Due to COVID-19, Prime Minister Boris Johnson and Education Secretary Gavin Williamson have announced that GCSE and A-level exams will not be taking place in England this summer. For year thirteen students whose conditional university offers are based on their A-level results, this poses serious problems. Students are to receive grades based on their teachers’ assessment of their work including predicted grades, mock exams and coursework with exam boards providing external checking.
This method of deciding A-level results will be particularly harmful to black students whose grades are routinely under-predicted. A 2016 study by University College London’s Institute of Education found that 84% of predicted A-level results were wrong, meaning only one in six university applicants will obtain the grades they are predicted. This astonishing inaccuracy is by no means equally distributed across racial groups. In 2011 the Department for Business, Innovation and Skills found black students received the lowest predicted grade accuracy, with only 39.1% of predicted grades being accurate, while white students had the highest, at 53%. Black students not only have their grades inaccurately predicted but under-predicted, as they are more likely to surpass predicted grades in exams.
Why the disproportionate underprediction of grades for black students? It’s no secret that anti-black unconscious bias permeates English classrooms, with the education thinktank LKMco finding that non-black teachers tend to have lower expectations of black students and are more likely to negatively judge and severely discipline pupils from minority ethnic backgrounds. Alongside this, in 2018, 90.5% of all teachers in English state schools were white.
Black Caribbean pupils are some of the worst affected by institutionalised racism in schools. They are three times more likely to be excluded from school than their white peers. In 2020, The Independent reported that “schools are unfairly punishing black students for their hairstyles, wearing bandanas and kissing teeth” due to lack of cultural awareness and anti-black perceptions held by teachers. With an education system permeated with anti-blackness, poor predicted grades appear only one disadvantage faced by black students in England.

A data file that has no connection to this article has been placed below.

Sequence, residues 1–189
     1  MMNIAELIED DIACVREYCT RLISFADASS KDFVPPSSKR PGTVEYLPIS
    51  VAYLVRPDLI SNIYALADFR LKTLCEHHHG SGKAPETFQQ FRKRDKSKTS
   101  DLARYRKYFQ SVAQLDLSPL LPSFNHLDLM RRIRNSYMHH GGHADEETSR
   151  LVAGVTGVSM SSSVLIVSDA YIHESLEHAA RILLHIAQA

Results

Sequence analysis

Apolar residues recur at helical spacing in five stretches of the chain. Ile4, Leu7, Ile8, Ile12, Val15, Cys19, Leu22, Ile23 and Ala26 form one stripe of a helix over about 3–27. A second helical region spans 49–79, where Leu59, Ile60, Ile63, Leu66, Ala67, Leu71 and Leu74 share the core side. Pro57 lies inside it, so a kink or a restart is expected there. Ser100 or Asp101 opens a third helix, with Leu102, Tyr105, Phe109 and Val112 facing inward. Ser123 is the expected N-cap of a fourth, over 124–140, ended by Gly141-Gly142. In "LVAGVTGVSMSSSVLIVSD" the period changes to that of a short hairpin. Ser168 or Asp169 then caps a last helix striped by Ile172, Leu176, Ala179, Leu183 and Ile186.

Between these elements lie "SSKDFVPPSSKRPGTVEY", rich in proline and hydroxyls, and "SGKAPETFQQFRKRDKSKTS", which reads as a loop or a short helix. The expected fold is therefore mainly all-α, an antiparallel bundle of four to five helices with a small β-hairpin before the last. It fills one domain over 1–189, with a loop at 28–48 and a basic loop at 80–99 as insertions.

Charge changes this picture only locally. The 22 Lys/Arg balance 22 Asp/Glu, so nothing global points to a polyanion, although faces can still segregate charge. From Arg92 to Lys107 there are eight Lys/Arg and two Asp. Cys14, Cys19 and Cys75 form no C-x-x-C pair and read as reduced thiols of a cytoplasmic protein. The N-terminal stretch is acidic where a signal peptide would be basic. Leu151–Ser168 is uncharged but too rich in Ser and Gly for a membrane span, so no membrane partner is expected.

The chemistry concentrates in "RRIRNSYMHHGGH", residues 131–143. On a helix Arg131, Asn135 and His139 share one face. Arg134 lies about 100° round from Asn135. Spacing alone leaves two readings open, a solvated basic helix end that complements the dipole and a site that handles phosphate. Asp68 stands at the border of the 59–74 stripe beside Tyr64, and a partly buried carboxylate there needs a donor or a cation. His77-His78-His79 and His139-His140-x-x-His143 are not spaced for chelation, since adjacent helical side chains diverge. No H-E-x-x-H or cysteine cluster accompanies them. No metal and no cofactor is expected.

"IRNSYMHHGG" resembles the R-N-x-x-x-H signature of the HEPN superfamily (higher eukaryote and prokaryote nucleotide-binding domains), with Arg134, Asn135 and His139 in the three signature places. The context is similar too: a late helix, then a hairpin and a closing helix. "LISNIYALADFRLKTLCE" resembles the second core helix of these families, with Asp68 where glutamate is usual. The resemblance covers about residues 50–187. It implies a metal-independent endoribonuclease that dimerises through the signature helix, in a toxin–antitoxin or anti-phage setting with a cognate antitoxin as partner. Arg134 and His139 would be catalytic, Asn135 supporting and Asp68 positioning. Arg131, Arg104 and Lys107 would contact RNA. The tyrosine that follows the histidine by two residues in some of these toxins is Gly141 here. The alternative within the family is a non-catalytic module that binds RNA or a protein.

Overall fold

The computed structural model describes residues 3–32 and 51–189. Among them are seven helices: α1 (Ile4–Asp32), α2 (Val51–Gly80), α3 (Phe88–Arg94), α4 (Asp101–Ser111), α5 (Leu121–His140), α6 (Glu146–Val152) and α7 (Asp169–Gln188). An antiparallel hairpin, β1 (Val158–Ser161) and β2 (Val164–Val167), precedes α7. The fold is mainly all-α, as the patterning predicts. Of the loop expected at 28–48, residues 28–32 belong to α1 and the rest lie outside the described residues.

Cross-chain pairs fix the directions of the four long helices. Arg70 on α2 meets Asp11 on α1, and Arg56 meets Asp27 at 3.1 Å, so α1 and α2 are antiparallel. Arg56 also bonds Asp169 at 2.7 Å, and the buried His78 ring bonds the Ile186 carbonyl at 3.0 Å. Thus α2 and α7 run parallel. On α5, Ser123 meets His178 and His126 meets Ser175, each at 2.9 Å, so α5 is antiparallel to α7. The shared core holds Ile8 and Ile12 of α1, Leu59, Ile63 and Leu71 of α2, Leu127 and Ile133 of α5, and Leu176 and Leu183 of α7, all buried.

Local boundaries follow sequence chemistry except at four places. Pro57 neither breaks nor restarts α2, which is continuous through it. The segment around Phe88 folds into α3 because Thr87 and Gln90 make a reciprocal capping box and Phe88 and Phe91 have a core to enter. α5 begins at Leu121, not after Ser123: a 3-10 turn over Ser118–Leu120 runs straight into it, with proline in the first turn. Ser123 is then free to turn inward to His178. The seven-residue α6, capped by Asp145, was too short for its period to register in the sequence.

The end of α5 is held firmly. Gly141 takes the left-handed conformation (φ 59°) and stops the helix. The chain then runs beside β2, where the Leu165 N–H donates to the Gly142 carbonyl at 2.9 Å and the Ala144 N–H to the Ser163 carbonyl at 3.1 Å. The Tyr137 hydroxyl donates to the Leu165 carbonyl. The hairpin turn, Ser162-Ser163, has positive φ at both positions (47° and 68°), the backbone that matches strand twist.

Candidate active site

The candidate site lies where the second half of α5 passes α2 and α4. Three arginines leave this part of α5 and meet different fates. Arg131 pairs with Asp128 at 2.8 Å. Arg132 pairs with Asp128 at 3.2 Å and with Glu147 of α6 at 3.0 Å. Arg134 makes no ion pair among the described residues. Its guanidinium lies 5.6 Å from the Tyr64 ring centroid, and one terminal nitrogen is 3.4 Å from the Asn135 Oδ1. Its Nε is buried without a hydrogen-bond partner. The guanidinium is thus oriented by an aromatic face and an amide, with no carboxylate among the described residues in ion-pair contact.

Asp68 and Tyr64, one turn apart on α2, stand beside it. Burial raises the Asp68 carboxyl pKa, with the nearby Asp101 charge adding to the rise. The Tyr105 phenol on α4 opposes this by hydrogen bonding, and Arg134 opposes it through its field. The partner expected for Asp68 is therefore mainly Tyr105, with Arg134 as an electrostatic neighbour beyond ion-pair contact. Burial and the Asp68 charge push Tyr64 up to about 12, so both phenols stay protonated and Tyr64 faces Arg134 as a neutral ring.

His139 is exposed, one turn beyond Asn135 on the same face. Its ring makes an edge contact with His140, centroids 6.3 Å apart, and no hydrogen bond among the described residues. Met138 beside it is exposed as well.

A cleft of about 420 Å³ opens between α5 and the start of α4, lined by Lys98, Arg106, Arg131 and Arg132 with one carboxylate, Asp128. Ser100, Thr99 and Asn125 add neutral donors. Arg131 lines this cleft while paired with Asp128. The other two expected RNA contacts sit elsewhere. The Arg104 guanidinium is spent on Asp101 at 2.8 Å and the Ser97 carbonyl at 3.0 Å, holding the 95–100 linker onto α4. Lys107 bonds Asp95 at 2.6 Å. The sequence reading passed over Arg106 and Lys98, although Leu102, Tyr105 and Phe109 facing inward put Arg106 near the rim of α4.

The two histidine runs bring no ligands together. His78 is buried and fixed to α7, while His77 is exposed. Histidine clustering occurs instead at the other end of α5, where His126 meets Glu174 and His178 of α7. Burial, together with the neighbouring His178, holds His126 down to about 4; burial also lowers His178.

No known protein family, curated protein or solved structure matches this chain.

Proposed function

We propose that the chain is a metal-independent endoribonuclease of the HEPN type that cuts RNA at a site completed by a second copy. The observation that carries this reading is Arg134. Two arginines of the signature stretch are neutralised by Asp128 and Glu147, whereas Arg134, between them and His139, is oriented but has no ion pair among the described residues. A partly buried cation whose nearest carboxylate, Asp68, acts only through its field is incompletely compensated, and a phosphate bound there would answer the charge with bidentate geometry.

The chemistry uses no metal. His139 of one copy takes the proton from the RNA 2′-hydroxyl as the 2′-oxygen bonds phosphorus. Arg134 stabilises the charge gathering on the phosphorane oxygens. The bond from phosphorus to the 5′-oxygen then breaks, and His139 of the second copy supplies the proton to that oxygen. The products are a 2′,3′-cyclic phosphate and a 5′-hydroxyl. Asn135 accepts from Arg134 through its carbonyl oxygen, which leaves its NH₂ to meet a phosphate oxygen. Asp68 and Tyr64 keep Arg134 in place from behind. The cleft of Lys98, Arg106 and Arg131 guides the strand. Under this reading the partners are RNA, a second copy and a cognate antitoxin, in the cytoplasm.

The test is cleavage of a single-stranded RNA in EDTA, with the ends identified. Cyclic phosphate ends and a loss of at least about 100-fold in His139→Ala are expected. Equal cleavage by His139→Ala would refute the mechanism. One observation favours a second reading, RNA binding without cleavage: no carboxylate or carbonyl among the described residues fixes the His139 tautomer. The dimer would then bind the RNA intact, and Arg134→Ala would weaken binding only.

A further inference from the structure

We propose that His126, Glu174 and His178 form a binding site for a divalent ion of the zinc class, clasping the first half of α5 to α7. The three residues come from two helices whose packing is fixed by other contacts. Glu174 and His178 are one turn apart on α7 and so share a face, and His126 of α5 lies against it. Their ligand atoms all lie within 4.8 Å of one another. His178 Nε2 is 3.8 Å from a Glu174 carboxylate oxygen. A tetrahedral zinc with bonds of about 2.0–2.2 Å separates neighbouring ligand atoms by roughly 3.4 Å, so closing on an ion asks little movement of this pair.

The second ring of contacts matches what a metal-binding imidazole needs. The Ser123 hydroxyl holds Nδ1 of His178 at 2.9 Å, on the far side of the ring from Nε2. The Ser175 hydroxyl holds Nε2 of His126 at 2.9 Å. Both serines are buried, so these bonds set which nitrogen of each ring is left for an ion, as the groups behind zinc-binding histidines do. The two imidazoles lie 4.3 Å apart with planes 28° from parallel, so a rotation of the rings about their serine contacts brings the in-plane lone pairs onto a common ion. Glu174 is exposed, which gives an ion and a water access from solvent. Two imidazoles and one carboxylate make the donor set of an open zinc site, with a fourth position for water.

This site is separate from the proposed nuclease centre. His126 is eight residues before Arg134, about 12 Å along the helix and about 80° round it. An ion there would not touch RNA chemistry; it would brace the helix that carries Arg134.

Many minority students took to Twitter to raise their concerns and share their personal experiences of underpredicted grades. Ajibola Ayorinde, now twenty-seven, remembers how teachers underestimated his ability while studying for A-levels, stating “I was predicted down internally to BBC based on January exams, but by then [I] had already got the offer I really wanted. I came out with A*AA.” A petition on Change.org, which now has over 140,000 signatures, demands the government to “allow teachers to give honest predicted grades for their students” yet Black Girls Bookclub, founded by Natalie Carter and Melissa Cummings-Quarry, tweeted that “every Black child in my year group exceeded predicted grades by at least two-thirds scales. Please don’t sign this petition. It doesn’t account for teacher bias.”
Ofqual and the exam boards monitoring schools’ results have stated they are taking steps to ensure that “grade distributions resemble previous years”, but with the inherent bias in education so pronounced, this statement does little to reassure, especially as the Association of School and College Leaders has instructed teachers to not give students ‘the benefit of the doubt’ when predicting grades and that leniency would be ‘wrong.’ A further announcement that the government are going to cap university admissions amidst COVID-19 disruption only reduces the prospect of university for black students.
For black A-level students, these are uncertain and challenging times. Until the government properly addresses the anti-black bias found in classrooms throughout England, this staggering inequality is likely to remain.